In a recent lesson with my IB Maths AA SL class, I set them this indices question to simplify as part of the starter activity.
They struggled. A lot.
Since teaching via Zoom, I don't usually go through these retrieval based activities in class straight away, rather opting to take in their work to check through all their work, which gives me a better idea of what they can and cannot do (in a classroom it is different as I can see their work live).
Very few of them got anywhere near close to solving the problem. In the following lesson, they asked me to go through it, so I did.
After showing them how to do it, I made a passing comment about enjoying doing this kind of problem, even finding it relaxing.
Even via Zoom, I could tell the reaction of my students. Some of them even turned their cameras on to show their disbelief. How could I enjoy solving this kind of problem? How was it even remotely relaxing?
This provoked a rather interesting discussion where we talked about the things we find enjoyable. My point was that when you can do something, but it requires a bit of work, that is normally what we find fun. That is, learning is fun if you know enough to be able to learn.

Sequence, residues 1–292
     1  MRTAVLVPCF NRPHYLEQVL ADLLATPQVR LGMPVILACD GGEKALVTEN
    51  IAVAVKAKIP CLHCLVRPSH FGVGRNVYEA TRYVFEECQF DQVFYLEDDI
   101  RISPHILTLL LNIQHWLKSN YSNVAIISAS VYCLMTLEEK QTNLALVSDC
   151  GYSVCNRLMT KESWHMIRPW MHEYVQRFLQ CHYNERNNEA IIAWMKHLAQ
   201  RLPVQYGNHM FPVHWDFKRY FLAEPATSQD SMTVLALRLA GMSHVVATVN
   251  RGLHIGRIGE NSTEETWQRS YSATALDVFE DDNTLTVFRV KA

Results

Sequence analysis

We discussed how some people enjoy music or sports, and the reason why is normally they are relatively good at it. And then they enjoy getting better and doing more difficult aspects of that course.
It is the same with Maths (and anything else really). If you are constantly failing at it, you will not enjoy it. But if you can do it, with a bit of effort, normally you will enjoy it.
They could understand this point. I don't think they had ever really thought about why they enjoy some things and not others, and it helped them see how I could enjoy solving a Maths problem. I told them that my job was to help them know enough that they could enjoy solving Maths problems.
Now I just need to live up to that!
I am a maths teacher looking to share good ideas for use in the classroom, with a current interest in integrating educational research into my practice.